drawn upon to create order and understanding. Entering a new setting or environment can be disorienting or can test the limits of our ability to infer meaning. Partida recalled her first day on the job as a medical social worker walking into a neonatal intensive care unit. Though this environment was familiar and routine to the staff who worked there, it presented a cultural shock to Partida. She pointed out that we become acclimated to environments in which we live and work. Our daily experiences inform how we see and understand these environments and more broadly, the world around us. Soon, our language, the words we use, and how we interpret or make sense of events, is shaped by what we have come to know and what we have experienced. Moreover, it is natural to assume that others see the world as we do.
Immigration, leaving our birth country to live in a new country, can dramatically change our lived experience, Partida said. It is not hard to imagine how geographic relocation can lead to vastly different lived experiences. The children of immigrants come to know about the old country through their parents and communities of immigrants from the same country. New foods, clothing items, and other goods and products become part of these newly changed environments. Local conditions and community response to changing demographics influence how local health care delivery systems and insurance products are viewed by newcomers—either as helpful resources or difficult challenges to be avoided.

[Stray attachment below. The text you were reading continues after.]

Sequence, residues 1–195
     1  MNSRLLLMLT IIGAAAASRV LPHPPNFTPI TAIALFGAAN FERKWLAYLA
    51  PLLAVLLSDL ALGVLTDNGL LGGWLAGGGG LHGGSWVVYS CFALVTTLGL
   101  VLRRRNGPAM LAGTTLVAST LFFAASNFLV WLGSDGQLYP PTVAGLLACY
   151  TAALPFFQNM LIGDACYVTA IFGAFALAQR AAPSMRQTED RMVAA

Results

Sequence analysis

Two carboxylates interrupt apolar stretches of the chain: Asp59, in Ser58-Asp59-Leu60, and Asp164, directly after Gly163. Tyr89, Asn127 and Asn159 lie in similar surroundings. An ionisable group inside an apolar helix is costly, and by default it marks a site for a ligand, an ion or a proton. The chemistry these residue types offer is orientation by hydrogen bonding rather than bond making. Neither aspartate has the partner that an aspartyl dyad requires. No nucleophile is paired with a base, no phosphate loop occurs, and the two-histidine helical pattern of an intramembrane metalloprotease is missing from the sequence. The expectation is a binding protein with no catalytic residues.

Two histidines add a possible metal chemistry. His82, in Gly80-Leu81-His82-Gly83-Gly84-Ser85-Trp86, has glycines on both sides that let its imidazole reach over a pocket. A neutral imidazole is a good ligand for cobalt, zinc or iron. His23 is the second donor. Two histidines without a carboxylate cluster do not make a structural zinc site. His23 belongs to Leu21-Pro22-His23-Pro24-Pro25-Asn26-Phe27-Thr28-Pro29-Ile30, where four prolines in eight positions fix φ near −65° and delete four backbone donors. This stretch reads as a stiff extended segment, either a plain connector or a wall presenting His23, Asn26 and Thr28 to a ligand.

Overcoming language differences is critical to integration and economic success for both new arrivals and their new chosen communities, Partida said. How language is learned influences competencies. Many U.S. immigrants are heritage speakers. These are primarily second-generation immigrants, primarily children who learn the language of their parents at home and then learn English as they go to school. This way of acquiring a new language is different than learning a foreign language through formal study, where an individual chooses to study the language. With formal language training, a teacher is available to explain the new language’s structure and rules. Heritage speakers have to learn these aspects of the language on their own. With the lack of formal training, heritage speakers can exhibit wide variations in their level of language comprehension. More important, independent language learning can result in poor English mastery, language adaptations, and language mixing. Using English and Spanish within the same sentence and blending of English and Spanish to create new words is characteristic of heritage speakers. So much so that blended words such as lonche (lunch), dompe (dump), and yonke (junk) are commonly used and have become incorporated in the lexicon of bilingual and bicultural communities in the United States.
Another form of language acquisition is second language learning,
which takes place when an individual is in a different country where another language is spoken. Second language learning is usually informal, resulting in variable levels of proficiency and little or no written skills, Partida said. Vocabulary and speech may be adapted to include everyday language or specialized language, such as language related to medical care or health insurance.